Montreal

Burkina Faso attacks: Lac-Beauport held vigil for 6 Quebecers killed

An evening vigil was held in Lac-Beauport, Que., for the six Quebecers killed during a 12-hour siege Friday in Burkina Faso's capital city of Ouagadougou.

Makeshift memorial set up outside Carrier family home

Members of the Lac-Beauport community have set up a makeshift memorial outside the home of the family of four who died after the siege in Burkina Faso. (Raffy Boudjikanian/CBC)

An evening vigil was held in Lac-Beauport, Que., for the six Quebecers killed during a 12-hour siege Friday in Burkina Faso's capital city of Ouagadougou.

Gladys Chamberland, her spouse Yves Carrier, 65, and their children Charles-Élie and Maude died when four jihadist attackers linked to al-Qaeda stormed the Splendid Hotel and nearby Cappuccino Café in Ouagadougou.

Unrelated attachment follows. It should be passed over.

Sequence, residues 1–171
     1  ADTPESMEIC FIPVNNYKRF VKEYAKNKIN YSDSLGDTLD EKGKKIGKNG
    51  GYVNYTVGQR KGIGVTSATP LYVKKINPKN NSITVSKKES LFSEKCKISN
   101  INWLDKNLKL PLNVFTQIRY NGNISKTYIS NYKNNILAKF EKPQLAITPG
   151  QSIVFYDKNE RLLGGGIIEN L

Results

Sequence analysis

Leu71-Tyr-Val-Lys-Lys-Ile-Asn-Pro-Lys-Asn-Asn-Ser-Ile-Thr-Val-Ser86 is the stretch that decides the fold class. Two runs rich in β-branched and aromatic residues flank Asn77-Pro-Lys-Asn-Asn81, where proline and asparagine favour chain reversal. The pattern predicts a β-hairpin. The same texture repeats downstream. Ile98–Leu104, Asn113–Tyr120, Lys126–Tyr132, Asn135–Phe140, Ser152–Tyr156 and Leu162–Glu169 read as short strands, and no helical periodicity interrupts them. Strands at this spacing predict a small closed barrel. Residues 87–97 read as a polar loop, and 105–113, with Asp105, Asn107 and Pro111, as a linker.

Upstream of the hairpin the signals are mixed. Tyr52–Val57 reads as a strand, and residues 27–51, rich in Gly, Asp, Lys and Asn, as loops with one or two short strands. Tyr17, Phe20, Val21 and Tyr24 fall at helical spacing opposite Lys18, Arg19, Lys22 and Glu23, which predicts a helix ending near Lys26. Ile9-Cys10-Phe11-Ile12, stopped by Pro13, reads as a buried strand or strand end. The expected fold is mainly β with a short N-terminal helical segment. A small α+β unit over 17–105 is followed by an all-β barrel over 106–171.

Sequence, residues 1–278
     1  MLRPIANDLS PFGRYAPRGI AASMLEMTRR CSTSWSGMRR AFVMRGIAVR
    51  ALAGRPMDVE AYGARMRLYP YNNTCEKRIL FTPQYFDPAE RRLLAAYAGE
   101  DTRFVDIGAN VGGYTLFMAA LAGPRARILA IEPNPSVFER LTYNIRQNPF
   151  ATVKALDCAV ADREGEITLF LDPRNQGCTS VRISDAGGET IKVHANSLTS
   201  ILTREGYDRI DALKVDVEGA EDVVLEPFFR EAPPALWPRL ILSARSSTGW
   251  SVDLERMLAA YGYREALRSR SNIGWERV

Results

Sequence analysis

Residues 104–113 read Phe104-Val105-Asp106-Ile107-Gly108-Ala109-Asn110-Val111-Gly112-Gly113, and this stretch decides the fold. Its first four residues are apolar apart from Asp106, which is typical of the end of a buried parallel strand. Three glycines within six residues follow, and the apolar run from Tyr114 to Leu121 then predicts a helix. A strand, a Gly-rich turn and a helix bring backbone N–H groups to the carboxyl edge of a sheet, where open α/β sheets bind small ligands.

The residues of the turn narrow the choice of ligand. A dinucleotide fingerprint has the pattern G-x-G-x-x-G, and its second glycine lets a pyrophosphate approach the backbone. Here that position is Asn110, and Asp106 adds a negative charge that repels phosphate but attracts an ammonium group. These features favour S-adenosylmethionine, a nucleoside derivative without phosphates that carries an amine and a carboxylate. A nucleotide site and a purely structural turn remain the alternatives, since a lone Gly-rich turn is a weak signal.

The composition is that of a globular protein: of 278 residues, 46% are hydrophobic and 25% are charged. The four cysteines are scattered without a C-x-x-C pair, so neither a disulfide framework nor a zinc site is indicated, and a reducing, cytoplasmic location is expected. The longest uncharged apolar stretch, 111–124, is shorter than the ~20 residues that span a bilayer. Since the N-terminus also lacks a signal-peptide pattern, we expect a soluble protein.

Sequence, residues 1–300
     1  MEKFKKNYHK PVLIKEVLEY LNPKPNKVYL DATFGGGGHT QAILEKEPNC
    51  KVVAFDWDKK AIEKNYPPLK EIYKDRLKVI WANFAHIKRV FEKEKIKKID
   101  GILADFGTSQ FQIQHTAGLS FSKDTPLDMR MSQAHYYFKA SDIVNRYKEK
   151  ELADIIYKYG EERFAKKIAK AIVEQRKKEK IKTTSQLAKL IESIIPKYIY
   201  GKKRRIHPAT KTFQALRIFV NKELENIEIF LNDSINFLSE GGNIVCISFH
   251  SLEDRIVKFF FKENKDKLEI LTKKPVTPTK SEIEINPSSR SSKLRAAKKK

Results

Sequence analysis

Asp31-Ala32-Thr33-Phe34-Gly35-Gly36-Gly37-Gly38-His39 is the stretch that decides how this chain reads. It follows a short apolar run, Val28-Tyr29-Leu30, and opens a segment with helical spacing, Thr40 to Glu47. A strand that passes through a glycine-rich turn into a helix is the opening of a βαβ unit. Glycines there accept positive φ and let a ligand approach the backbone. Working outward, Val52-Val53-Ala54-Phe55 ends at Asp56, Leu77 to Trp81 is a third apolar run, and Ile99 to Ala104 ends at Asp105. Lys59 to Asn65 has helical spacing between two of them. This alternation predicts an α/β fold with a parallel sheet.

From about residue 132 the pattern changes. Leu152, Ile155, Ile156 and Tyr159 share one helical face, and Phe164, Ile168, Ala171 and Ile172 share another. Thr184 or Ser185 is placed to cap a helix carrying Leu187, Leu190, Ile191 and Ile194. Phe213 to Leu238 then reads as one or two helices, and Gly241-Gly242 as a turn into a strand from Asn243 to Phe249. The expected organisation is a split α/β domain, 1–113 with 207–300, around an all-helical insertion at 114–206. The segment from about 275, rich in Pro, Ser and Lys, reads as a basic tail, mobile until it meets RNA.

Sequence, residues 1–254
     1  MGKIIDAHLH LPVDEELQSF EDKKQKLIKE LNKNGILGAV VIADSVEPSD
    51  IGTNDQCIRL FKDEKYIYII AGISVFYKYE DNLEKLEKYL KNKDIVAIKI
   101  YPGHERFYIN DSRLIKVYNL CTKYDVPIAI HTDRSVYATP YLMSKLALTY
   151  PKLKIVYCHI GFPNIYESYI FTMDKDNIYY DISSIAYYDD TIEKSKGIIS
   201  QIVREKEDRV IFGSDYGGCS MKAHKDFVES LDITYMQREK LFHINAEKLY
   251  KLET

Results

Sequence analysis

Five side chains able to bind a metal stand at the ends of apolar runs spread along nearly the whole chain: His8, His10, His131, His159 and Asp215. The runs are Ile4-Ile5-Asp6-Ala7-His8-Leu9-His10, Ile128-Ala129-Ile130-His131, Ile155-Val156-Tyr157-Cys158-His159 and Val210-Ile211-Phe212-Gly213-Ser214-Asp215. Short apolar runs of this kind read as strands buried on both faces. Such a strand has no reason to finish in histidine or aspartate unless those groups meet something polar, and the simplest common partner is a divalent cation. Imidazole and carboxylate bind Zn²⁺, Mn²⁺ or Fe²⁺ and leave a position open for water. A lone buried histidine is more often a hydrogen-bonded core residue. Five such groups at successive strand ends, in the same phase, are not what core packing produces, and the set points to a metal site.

​Louis Chabot and Suzanne Bernier, who accompanied the family on a humanitarian mission, were also killed during the attacks.

Hundreds of people packed into a community hall in Lac Beauport north of Quebec City to remember a family killed in terrorist attacks in Burkina Faso. Marika Wheeler speaks with friends and family left behind. 12:38

Friends and family at the vigil said they were trying to make a difference.

"The last few weeks of their lives were happy because they were doing what they loved, travelling and helping people," said Victoria Dupuis, a relative of the Carriers.

"There are still many good people in the world, and they were."

Quebec Premier Philippe Couillard made a brief statement at the vigil. After expressing his condolences, Couillard showed a picture of him and one of the deceased, Charles-Élie Carrier, together.

The two had met when Couillard visited Le Saisonnier, the day camp where Carrier worked, years ago.

A makeshift memorial has been set up outside the Carrier family's home in Lac-Beauport, just north of Quebec City.

"I thought it would be great, especially for the young adults who were very close to the family and Charles-Élie who died," Lac-Beauport Mayor Louise Brunet said.

"This is a gathering for memories and helping each other. We have to stick together. I think it's important for the community"

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